No69 [DISCOVERY] As wild as you could wish
The perfect cone shape of Komezuka, one of Mount Aso’s five volcanic peaks.
This impressive volcanic site has so many surprises in store for lovers of nature.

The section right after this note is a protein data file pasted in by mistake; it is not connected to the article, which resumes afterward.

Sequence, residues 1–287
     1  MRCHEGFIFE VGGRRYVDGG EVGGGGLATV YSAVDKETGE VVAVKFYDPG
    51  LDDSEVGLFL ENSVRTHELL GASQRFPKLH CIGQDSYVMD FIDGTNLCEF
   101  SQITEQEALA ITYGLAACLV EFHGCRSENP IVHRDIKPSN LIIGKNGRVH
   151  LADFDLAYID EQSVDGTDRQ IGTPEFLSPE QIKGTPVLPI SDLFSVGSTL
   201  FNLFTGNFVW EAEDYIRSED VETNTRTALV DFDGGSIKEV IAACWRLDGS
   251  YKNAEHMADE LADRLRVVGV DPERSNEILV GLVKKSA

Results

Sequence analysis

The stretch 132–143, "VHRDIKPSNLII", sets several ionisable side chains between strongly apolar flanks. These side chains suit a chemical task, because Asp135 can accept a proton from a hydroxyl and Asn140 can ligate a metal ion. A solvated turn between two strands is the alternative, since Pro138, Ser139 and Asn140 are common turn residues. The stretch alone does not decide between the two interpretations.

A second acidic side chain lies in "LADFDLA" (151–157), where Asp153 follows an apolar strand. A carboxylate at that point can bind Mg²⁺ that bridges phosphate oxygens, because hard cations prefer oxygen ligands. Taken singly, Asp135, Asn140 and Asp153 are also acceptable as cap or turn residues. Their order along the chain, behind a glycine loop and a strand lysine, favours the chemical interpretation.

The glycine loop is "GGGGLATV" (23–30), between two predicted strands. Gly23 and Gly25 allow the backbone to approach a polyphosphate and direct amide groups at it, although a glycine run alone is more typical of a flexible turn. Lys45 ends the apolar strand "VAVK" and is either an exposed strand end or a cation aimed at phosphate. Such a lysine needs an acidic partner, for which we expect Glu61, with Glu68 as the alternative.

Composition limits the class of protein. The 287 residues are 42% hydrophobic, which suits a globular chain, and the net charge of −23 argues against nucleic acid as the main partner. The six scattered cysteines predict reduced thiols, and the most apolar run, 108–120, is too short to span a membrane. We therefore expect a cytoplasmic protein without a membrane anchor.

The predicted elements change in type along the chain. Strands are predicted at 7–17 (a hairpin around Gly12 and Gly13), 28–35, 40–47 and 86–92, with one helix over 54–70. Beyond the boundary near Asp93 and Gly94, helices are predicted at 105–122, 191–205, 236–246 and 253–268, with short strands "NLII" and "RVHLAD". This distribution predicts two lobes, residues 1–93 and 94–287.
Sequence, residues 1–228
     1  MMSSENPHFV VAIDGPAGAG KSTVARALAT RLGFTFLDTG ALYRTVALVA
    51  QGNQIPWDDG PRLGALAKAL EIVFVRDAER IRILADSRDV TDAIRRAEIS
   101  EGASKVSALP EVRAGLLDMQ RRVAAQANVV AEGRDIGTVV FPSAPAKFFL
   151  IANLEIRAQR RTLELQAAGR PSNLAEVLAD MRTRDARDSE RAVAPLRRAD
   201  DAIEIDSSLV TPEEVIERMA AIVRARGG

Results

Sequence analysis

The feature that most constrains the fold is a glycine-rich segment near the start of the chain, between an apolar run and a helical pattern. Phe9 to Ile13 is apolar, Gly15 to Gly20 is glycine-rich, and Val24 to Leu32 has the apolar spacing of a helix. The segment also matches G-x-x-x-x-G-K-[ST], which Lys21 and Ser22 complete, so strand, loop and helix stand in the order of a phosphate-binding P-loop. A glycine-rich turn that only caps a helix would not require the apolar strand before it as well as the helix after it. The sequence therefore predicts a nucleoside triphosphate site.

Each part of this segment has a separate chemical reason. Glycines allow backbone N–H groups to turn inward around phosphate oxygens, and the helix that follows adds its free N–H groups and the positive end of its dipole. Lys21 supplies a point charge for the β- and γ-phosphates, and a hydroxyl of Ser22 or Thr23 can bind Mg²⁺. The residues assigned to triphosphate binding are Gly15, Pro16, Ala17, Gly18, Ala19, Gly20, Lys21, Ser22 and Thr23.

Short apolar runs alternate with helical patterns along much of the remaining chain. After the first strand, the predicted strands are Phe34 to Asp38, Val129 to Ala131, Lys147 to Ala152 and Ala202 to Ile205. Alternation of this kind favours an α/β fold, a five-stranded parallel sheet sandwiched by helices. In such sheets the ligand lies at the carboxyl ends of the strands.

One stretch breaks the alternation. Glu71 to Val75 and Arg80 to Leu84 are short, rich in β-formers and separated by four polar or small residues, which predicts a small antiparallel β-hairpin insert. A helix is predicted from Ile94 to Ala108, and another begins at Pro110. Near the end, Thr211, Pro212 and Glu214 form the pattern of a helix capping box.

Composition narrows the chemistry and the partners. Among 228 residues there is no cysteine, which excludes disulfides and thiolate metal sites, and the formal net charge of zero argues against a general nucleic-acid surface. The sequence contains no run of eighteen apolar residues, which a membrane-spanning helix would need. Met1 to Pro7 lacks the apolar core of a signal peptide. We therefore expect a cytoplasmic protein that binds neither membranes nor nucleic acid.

The route called the Aso Panorama Line twists and turns around the slopes of volcanos hidden from view behind the white feathery plumes of pampas grass, though we’re not in Argentina, but in the west of Japan on the island of Kyushu, a vast volcanic region in the heart of Kumamoto Prefecture. “Look, here’s Nakadake,” calls Yui, our guide, pointing to a smoking crater at a height of 1,506m. Mount Aso’s caldera is one of the largest in the world, within which there are five active volcanos, including Komezuka, a perfectly symmetrical cone covered in yellow flowers which resembles an enormous caramel flan placed on the ground. The road continues to climb up to the entrance to Aso- Kuju National Park (Aso Kuju kokuritsu koen), then towards Nakadake, enveloped in impressive amounts of white steam escaping from fumaroles. The 300,000-year-old volcano is the most active in Japan and the only one you can get close to despite the toxic gases it emits in varying amounts from day to day. “People suffering from asthma or respiratory problems are asked not to approach the edge of the crater!” the loud-speakers announce in three languages. “The cable-car that takes you to the crater is still out of service,” warns Yui, moving towards the booth to pay the entrance fee. The influx of tourists has decreased sharply since the earthquake that struck Kumamoto in April 2016. It caused little loss of life, but did a lot of material damage. The member of staff asks us once again if we are in good health, then give us a leaflet which is more like an emergency instruction manual than a tourist guide. “Danger!! Volcanic gas emissions!!” is written in red on a map with explanations of symptoms in the event of inhaling sulphur dioxide or hydrogen sulphide. “The volcano is particularly active today,” explains Yui, noting the absence of hikers who usually walk along the paths to reach the crater. A few minutes later, we stop in a car park close to several barriers destroyed by the earthquake. The air is heavy with gas and the bunkers give the place a touch of the infernal. Aso is the god who protects you from disaster, but Mount Aso has erupted 160 times since 533, which was the first angry outburst to be documented in Japan. It remains one of the 110 most active volcanos in Japan (see Zoom Japan no.26, December 2014). At the edge of the 600m diameter giant crater, there’s a thick pall of smoke. The lake below is completely invisible. “It only needs the wind to change direction for you to see it,” confirms a steward protected by a mask, who tries to persuade the visitors to be patient. This National Park employee works a rota with three other stewards due to the toxic gases. By his side, a vendor is trying to attract the attention of some Chinese tourists: “Come and buy some Nakadake sulphur! It’s a very effective repellent against snakes, ants, moles, even crows!” he exclaims pointing to his stall covered in the yellow ore. “You should have seen the boulders thrown out during the eruption two years ago – they weighed at least 35t,” adds the steward. In October 2016, the turbulent volcano had an “explosive” eruption, which resulted in the danger level rising to 3 out of 5. The surprise eruption covered the town of Aso with a thick layer of black ash, and made the 100,000 inhabitants somewhat fearful. In 2014, Mount Ontake, in the centre of the archipelago, became active completely unexpectedly and killed 60 people, mainly hikers, reminding everyone that nature is unpredictable.